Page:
Great experience prevailed in the javelin final on Tuesday as the world’s best ever, Barbora Spotakova, regained the world title a decade after claiming her first global gold.

Returning to the stadium in which she won her second Olympic title five years ago, the Czech world record-holder threw 66.76m in the second round and couldn’t be beaten.

Lingwei Li had the throw of her life to come close, 66.25m securing the two-time Asian champion the silver, with Huihui Lyu claiming a second medal for China after her throw of 65.26m for bronze.

“It was the reason for me to continue after Rio – the vision of London and coming back to London, I just love this stadium,” said the winner. “I feel so strong, so confident here.

“The whole day I was thinking about my last world title which was 10 years ago in Osaka. Actually, it is also almost exactly five years since my Olympic title here in London. These facts made me feel very emotional and I could not believe it is such a long time ago.”

After a foul in the first round, Olympic champion Sara Kolak threw 64.95m on her second attempt to take the lead but that prompted what would prove to be a winning response by Spotakova.

Launching the javelin to 66.76m, the 36-year-old soared into the top spot.

Li improved to 63.01m in the second round but went even better in the third, while Lyu’s best came in the fifth round as she bumped Kolak off the podium.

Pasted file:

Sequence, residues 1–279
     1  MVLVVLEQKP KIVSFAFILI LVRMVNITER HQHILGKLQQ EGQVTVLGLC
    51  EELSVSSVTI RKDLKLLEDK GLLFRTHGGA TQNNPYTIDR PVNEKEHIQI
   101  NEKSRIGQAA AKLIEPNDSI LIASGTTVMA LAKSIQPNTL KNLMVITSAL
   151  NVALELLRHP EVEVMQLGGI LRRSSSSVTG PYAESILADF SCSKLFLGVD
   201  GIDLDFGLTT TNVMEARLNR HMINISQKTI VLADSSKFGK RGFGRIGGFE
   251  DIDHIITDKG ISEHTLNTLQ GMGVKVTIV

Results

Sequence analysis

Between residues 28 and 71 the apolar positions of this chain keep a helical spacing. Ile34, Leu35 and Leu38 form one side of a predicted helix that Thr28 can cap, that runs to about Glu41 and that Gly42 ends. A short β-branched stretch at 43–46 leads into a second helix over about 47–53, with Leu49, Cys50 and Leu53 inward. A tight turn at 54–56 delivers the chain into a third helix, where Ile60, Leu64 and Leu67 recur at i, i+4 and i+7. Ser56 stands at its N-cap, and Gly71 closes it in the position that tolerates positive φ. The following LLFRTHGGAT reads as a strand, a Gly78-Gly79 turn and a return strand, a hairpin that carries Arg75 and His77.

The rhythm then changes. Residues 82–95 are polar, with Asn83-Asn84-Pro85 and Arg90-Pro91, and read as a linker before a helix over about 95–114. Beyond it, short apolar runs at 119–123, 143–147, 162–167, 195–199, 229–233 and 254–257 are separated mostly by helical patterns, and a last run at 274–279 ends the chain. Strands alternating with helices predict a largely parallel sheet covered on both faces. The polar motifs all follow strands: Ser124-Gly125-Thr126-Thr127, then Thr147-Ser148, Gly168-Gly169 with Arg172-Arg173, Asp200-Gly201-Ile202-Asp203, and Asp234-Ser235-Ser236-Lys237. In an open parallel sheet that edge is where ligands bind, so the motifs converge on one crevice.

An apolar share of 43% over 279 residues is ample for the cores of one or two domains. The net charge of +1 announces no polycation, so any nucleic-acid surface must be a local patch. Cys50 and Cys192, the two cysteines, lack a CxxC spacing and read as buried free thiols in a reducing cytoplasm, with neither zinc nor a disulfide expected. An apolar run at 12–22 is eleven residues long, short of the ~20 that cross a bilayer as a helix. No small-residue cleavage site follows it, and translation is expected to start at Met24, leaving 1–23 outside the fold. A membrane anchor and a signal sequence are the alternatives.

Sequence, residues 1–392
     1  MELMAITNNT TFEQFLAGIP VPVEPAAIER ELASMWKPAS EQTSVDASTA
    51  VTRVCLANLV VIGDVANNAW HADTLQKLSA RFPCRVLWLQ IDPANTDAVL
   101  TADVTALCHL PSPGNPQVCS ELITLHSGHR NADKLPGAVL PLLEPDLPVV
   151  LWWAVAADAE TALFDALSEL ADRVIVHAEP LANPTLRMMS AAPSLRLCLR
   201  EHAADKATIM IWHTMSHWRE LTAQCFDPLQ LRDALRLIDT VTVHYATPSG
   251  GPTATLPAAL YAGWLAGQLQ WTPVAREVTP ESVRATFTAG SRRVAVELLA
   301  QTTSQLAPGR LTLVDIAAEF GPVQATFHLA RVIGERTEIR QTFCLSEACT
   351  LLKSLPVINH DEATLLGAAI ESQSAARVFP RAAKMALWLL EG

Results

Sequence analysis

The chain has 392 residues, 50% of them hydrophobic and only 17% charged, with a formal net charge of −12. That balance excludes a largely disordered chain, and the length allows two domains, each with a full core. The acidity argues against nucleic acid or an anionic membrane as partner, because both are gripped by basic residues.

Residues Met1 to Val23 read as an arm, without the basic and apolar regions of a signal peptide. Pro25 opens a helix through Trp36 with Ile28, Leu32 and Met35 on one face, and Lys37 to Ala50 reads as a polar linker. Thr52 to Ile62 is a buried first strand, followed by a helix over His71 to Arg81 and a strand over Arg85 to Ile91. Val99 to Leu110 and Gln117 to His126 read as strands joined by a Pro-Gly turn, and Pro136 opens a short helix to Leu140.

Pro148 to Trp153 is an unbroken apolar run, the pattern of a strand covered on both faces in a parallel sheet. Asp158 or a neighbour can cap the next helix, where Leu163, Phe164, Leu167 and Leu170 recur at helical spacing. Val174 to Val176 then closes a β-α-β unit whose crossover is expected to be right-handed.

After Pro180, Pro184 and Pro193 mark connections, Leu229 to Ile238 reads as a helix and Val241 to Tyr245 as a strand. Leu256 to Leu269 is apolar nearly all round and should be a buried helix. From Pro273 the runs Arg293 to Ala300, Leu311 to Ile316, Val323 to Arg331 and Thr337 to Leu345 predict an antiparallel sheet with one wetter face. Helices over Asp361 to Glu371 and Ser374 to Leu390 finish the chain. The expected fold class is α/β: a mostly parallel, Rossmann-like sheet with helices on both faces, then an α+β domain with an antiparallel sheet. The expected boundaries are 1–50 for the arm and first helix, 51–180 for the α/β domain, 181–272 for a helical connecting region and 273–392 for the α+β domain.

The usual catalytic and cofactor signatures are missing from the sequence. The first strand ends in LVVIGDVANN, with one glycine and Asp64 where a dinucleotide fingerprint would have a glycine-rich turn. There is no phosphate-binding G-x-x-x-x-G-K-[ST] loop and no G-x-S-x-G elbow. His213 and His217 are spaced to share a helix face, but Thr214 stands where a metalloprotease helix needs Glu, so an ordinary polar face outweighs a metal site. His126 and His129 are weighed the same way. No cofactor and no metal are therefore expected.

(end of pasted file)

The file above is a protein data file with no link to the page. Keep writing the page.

The Rio gold medallist couldn’t respond and fouled her final attempt to miss out on a second senior major medal.

“It has not been easy for me in the past half year because I had several injuries during training,” said Li. “I am quite surprised I improved my performance and won the silver medal.”

Earlier on in the shot put, Lijiao Gong of China, Michelle Carter of the United States and Anita Marton of Hungary led the qualifiers but Britain’s Rachel Wallader did not reach the final after a best of 16.81m to finish 23rd of the 30 athletes.

Zuzana Hejnova of the Czech Republic was the fastest qualifier from the women’s 400m hurdles semi-finals in 54.59 ahead of Thursday’s final. Olympic champion Dalilah Muhammad of the United States also cruised through, while Britain’s Eilidh Doyle made the final as one of the fastest losers after coming third in Muhammad’s semi in 55.33.

“With hurdles anything can happen,” said Doyle. “It’s just who executes the best race on that night, who gets the strides right, who nails the hurdles and who doesn’t make mistakes. When that happens it’s anybody’s and at least I put myself in the final and I can be in contention to do that.”

There was no joy for Doyle’s GB team-mate Meghan Beesley, however, as she was sixth in her semi in 56.61.

Source: Jessica Whittington| AW